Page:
Not every libertarian takes the Al Sharpton-ACLU line on Rodney King. A career criminal juiced on marijuana and 40 ounces of malt liquor; speeding for five miles through the red lights and stop signs of a residential neighborhood; wildly punching the cops who finally blocked his car; making crude sexual advances to policewomen; refusing to be handcuffed; dancing and laughing maniacally; and fresh from suspected participation in yet another armed robbery, King did indeed get a two-minute what-for.
Mv sister used to live in a small Italian neighborhood surrounded by high-crime slums. She could walk to the corner store at night and live to tell about it because baseball-bat justice was administered to any criminal caught in the area. As a result, there was virtually no crime. You would condemn this, and Bernie Goetz too, but I remember that he made the subways safer for months.
But all this is low-tech. Why not, in light of your paean to cryonics, persuade King to freeze his head? We could tell him he's coming back as Robocrook.
Llewellyn H. Rockwell, Jr.
President, Ludwig von Mises Institute
Mr. Henderson replies: Mr. Culver can't find where Llewellyn Rockwell defends police brutality. I quote the Rockwell column: "As recently as the 1950s—when street crime was not rampant in America—the police always operated on this principle: No matter the vagaries of the court system, a mugger or rapist knew he faced a trouncing—proportionate to the offense and the offender—in the back of the paddy wagon, and maybe even a repeat performance at the station house. As a result, criminals were terrified of the cops, and our streets were safe." But the "mugger or rapist" Mr. Rockwell wants roughed up hasn't been convicted—or even arraigned; he's merely a suspect.
Is this out of context? Read Mr. Rockwell's response above and decide for yourself.
In the Rodney King case, the police had no way of knowing how intoxicated Mr. King was at the time of the beating. And the Highway Patrol's on-site report affirmed that while Mr. King acted erratically, he was hardly threatening.
But these are merely debating points for Mr. Rockwell. My editorial asked, What amount of force should two dozen policemen use to apprehend one unarmed suspect? And even if Mr. King is guilty of a crime, who metes out justice: the LAPD, or a jury? Mr. Rockwell may prefer state-imposed order (as in Saudi Arabia or Beijing) to individual liberty and the rule of law; but he shouldn't call himself a libertarian if he does.
A Few More Rounds
Jacob Sullum ("Gun-Shy Judges," May) missed a good opportunity to discuss the pivotal issue in gun control: How do you define arms? When the Second Amendment was passed, arms consisted of single-shot muskets. Does "original intent" justify machine guns and semiautomatics? Or do we define arms as being any gunpowder and projectile weapon, thus including most heavy artillery and cannons? You scholarly types at REASON should discuss this; the NRA certainly won't.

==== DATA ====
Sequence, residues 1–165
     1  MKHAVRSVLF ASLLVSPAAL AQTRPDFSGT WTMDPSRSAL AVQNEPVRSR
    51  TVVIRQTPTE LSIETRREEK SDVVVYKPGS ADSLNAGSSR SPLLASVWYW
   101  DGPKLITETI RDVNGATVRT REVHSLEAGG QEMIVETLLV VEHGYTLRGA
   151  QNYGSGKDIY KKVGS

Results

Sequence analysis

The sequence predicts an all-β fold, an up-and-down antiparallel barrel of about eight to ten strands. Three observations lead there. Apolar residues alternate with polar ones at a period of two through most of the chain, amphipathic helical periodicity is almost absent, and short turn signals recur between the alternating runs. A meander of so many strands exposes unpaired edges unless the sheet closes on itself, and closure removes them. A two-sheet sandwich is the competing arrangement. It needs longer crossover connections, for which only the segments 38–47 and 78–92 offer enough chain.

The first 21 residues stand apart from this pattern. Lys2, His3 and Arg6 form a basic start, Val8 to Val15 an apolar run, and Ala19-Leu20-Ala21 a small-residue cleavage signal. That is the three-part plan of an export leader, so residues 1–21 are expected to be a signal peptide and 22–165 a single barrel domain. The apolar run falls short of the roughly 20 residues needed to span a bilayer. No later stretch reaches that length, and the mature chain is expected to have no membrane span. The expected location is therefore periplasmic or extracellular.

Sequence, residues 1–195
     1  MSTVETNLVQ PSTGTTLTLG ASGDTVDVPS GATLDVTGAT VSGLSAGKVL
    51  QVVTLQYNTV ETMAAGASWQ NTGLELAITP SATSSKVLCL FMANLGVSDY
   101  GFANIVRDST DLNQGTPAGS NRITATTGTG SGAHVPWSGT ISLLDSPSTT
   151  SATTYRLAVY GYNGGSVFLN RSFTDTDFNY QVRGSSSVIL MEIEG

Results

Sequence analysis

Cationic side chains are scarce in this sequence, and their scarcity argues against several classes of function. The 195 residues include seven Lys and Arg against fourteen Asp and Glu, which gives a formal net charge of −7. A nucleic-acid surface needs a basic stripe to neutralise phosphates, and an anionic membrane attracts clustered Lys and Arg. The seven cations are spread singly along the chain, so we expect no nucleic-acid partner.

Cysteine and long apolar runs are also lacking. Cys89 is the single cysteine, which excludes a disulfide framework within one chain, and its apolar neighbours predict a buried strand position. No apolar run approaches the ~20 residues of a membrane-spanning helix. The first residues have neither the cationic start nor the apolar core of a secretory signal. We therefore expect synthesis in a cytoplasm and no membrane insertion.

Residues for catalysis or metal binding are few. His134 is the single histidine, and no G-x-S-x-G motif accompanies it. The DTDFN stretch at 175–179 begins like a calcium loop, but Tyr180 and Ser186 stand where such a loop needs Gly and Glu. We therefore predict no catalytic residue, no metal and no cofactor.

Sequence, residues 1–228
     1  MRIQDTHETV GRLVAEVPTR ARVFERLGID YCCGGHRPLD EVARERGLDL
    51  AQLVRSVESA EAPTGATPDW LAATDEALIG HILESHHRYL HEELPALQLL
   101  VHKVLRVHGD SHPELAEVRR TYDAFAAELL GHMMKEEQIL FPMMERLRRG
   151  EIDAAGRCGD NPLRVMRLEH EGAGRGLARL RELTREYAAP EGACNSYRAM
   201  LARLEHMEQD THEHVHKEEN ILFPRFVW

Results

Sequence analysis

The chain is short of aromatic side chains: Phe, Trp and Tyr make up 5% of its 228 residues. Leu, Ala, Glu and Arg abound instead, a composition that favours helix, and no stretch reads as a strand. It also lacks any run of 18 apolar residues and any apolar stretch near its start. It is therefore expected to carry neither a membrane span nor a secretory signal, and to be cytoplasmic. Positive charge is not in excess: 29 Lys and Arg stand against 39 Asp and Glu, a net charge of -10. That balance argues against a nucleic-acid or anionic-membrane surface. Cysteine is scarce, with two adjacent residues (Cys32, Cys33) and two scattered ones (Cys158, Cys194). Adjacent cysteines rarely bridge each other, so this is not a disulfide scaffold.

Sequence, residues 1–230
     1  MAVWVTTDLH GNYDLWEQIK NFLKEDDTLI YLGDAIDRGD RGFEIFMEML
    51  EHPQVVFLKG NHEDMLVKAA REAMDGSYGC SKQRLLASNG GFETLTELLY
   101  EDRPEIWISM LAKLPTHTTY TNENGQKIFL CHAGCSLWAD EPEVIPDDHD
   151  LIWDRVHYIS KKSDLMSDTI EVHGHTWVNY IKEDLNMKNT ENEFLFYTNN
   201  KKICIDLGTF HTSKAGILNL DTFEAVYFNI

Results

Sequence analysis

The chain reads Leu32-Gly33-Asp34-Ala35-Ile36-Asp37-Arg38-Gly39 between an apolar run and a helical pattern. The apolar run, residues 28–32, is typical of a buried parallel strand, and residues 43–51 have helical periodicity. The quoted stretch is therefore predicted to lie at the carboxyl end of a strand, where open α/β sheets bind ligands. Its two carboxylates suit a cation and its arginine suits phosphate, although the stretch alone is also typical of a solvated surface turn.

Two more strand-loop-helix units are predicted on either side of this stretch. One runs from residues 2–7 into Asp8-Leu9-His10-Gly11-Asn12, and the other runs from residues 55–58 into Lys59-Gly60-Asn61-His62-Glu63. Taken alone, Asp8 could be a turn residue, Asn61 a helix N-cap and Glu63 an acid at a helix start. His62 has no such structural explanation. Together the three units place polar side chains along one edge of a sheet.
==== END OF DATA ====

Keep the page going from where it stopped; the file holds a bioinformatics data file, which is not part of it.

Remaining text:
Daniel J. Ryan
Although I disagree with Jacob Sullum that the Second Amendment is the black sheep of the amendments (I happen to feel that description better fits the Ninth Amendment), I very much enjoyed his article.
As Mr. Sullum pointed out, the current rhetoric tends to obscure the fact that the first clash in the Revolutionary War, which took place at Concord on April 19, 1775, came about because the British heard that the Colonials were in possession of cannon.
The Americans fought back to preserve their right to bear arms. We can only hope that ultimately the current push for gun control will meet the same fate as the British.
Los Angeles, CA
Jacob Sullum correctly identifies the ACLU's unprincipled policy on gun control and Ira Glasser's waffling on the issue. More to the point is the way in which the ACLU justifies its official policy on the subject: It says that the Second Amendment does not guarantee the right of individuals to own a gun by citing "the setting" in which the amendment was proposed and adopted. How convenient. Leaving aside the fact that, as Sullum pointed out, another school of thought cites British common law as "the setting" upon which arguments in favor of individual gun ownership can be made, there is the interesting anomaly in the ACLU's approach to constitutional law. Why does the ACLU feel it legitimate to invoke "the setting" in which the Second Amendment was written when it is all too willing to dismiss "the setting" in which the First Amendment was written? Perhaps more inexplicable is the ACLU's characterization of gun control not as a civil-liberties issue but as a matter of social policy. Yet comparable worth, which has nothing to do with constitutional rights and everything to do with social policy, is nonetheless defended by the ACLU as a civil liberty. Apparently the ACLU's capacity for redefining the Bill of Rights is limitless.
William A. Donohue
Chair, Dept. of Sociology
I applaud Sister Connie Driscoll's program ("House of Hope," May). It's a classic example of what happens when you treat the root cause of a problem as opposed to treating the symptoms.
Bryan Miller's story about Sister Connie Driscoll left out some important information: Is she accepting donations and at what address?
Donations may be sent to: St. Martin de Porres House of Hope, 6454 South Woodlawn Avenue, Chicago, IL 60637. —Eds.